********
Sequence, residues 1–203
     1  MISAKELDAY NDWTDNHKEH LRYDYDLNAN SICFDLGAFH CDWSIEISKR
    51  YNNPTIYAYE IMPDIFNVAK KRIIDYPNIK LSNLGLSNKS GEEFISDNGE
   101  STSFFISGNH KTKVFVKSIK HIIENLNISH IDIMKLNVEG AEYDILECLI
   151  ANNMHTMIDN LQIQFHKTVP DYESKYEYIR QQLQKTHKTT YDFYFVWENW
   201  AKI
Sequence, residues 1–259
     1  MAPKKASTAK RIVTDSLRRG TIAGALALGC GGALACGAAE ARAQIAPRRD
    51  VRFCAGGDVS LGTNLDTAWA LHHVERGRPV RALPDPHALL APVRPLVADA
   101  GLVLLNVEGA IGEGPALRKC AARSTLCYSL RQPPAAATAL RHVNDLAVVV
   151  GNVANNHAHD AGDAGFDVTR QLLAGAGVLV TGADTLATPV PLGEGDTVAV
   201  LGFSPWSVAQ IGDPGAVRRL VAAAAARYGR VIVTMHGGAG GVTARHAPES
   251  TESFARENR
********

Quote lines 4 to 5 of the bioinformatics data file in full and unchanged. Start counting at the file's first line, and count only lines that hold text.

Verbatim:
   101  STSFFISGNH KTKVFVKSIK HIIENLNISH IDIMKLNVEG AEYDILECLI
   151  ANNMHTMIDN LQIQFHKTVP DYESKYEYIR QQLQKTHKTT YDFYFVWENW